An intriguing novel set in 1920s Paris, The Shoe Queen chronicles a fairly tortured and tumultuous period in the life of an English woman of noble birth, Genevieve Shelby King.
A self confessed shoe-a-holic, her collection has 523 pairs in it, all lovingly stored in their original boxes and kept in a dedicated shoe room in the Parisian apartment she shares with her wealthy Boston-born industrialist husband, Robert. Many have been hand-made, and even more have never been worn.
Those that are worn are prey to a range of calamities which render them ruined through accidents such as having red wine spilled on them, mud splashed onto them from a passing carriage, and most bizarrely, by a kitten whose feet have been dipped in blue paint running over them (well, it was 1920s Paris where experimental performing art performed by candlelight at midnight on sinking barges on the Siene was de rigueur!). I can’t recall the telling of the wearing of a single pair of shoes that doesn’t have some accident befall those expensive items (it may be worth reading the book simply to note the many mishaps Genevieve’s shoes meet with).
Genevieve falls in love with a pair of exquisite shoes a friendly social rival, Violet de Fremont, is wearing, and discovers they have been handmade by a relatively unknown but genius shoe maker, Paolo Zachari. Who, maddeningly, initially refuses to even see her, let alone agree to make her a pair of his extraordinary, one-in-a-million pair of shoes.
Well, they aren’t really shoes. They are artwork displayed on one’s feet.
(As a scintillating side note, the artistic shoemaker in the novel, Paolo Zachari, is based on a real life person from the early 1900s, Pietro Yanturni, who had a shop off the Place Vendome with a bold sign stating: Pietro Yanturni: World’s Most Expensive Shoes. He created shoes that would be absolutely perfect for this clients, who, in a fascinating twist of customer service, had no say in how the shoes would look, what materials would be used or even when the shoes would be read. Some clients waited for years for their Yanturni’s).
And so the story starts. Genevieve’s obsession with shoes is beautifully brought to life throughout the book, taking up just the right amount of space in a book that isn’t really about shoes, or even the love of shoes, but a complex woman, seeking her own authentic path, who happens to love shoes.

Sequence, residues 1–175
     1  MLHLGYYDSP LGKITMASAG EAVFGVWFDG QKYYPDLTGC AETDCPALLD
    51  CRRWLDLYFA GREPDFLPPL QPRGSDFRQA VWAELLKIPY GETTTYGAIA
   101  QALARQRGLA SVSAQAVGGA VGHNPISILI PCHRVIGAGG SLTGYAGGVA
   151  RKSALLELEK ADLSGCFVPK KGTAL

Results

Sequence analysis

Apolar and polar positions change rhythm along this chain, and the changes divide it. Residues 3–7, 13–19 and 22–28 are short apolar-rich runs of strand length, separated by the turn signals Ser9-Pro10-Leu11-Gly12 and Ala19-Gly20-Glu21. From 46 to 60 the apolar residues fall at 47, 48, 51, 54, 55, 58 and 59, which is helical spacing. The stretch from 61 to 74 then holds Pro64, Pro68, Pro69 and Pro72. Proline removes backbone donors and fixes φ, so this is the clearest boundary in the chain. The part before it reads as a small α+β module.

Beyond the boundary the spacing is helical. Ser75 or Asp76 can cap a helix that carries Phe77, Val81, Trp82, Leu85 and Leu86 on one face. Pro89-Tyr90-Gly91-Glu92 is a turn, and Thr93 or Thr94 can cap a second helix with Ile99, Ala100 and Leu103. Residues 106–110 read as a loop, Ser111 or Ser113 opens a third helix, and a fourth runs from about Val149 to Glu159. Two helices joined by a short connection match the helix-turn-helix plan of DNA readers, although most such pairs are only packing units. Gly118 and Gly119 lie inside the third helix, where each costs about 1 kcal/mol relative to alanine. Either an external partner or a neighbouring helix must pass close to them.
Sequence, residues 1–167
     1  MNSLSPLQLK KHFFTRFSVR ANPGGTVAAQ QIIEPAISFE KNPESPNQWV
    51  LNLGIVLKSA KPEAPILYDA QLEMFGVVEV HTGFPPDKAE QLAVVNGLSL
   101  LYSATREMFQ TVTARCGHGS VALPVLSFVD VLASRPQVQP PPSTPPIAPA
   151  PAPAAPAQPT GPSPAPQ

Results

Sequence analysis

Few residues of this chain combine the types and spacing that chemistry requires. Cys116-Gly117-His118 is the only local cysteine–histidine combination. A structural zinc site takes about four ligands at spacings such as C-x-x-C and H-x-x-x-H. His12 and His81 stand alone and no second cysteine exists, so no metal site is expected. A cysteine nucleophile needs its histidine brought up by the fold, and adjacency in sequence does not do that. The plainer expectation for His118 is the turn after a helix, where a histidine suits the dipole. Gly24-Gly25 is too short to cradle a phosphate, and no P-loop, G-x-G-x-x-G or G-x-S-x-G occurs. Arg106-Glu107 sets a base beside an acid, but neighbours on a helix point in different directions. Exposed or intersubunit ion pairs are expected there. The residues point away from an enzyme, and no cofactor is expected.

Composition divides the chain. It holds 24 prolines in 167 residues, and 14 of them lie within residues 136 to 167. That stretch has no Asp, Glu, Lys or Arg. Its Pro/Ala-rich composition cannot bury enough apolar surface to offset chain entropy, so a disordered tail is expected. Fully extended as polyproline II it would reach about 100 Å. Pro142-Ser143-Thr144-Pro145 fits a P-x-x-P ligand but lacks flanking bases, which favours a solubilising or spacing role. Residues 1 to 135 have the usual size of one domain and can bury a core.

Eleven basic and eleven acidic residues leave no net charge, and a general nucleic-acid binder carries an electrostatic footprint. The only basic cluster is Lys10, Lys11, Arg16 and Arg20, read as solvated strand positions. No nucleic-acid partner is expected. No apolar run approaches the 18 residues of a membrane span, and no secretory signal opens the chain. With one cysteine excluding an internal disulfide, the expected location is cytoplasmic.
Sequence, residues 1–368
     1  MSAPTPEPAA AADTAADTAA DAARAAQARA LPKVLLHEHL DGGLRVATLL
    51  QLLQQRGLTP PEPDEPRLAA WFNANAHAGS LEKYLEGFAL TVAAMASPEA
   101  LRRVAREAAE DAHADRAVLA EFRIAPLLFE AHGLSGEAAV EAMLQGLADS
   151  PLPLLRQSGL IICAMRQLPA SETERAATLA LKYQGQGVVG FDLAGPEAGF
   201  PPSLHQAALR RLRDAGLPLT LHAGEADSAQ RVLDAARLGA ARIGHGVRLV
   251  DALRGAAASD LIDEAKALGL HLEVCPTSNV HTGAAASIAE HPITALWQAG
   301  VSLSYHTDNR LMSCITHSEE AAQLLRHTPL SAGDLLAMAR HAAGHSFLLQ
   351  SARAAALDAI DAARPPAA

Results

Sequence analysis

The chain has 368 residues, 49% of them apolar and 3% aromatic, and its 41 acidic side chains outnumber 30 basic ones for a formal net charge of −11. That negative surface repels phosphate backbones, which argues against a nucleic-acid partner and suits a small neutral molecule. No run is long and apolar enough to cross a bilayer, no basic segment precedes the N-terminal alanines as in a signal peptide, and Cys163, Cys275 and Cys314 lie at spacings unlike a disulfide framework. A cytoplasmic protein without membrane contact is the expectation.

This isn’t high literature and it won’t challenge you in too many intellectual ways, but I found it a delightful novel with some intriguing ideas that got me thinking about shopping, shoes and our lives.
Outward signs of a lived life
From page 276:
“She began collecting shoes, ordered from catalogues and delivered from Harrods. Shoes were beautiful, sensual objects. They provoked, subtly- drawing attention to the delicate arch, the slender ankle, and prompting a glimpse farther up the leg. Shoes connected a person to their world – you walked in them, you danced in them. Without your shoes, you could barely step out of the house. The marks on their soles were the outward signs of a lived life.
Genevieve’s shoes were unworn.”
I found this an interesting idea – that shoes are an outward sign of a lived life. And that to have so many shoes, as this fictional character has, that remain unworn signifies a life unlived.
I wonder if this is true – that worn shoes signify a life lived? And the converse, that unworn shoes signify a life unlived? And if it is true, I wonder what would my shoes would say about how lived my life is?
And I wonder if we can apply this to our clothing as well. I’ve met so many women who talk about wardrobes filled with clothing unworn, tags still attached. How lived are the lives of those women, if there is no ‘outward sign’ (of clothing clearly worn, and perhaps even loved or at least enjoyed) to see?
What an interesting idea to ponder!
Standing in for a life
From page 317:
“She began to gnaw on an expensively manicured nail. “There’s a whole room of shoes at my apartment, Paolo. Floor to ceiling. They’ve been my passion. I hold them close to my heart. Every box in that room contains an unfulfilled desire, a dream, a fantasy.” She closed her eyes for a moment. “I love my shoe collection, but I’ve let it stand in for a life. I’m not going to do that anymore”.
I could relate to the idea of letting shoes stand in for a life. In a hybrid documentary I was part of for Australia’s premiere film school (you can read about my story of filming that documentary in this three-part post starting here) , I talked about how I have used clothing to cover up all that lies beneath – the unwanted emotions, the pain, the frustration.
Any passion taken too far can become unhealthy. And for those of us who have overshopoped, the acquisition of more clothing, more handbags, more jewellery, more shoes, has become unhealthy. We have substituted living our lives fully and richly, for the buying of more and more stuff.
And like the protagonist in The Shoe Queen, we too have the choice not to do that anymore. We have the choice to fill our days, our minutes, our lives up with activities that make our hearts sing, with spending time with people we love, and with making a contribution that befits our talents.
And that approach makes for a life well and richly lived. It’s an approach that does not require the buying of more and more shoes, or more and more anything.
I’d much sooner be the queen of my own life, than the queen of shoes. Wouldn’t you?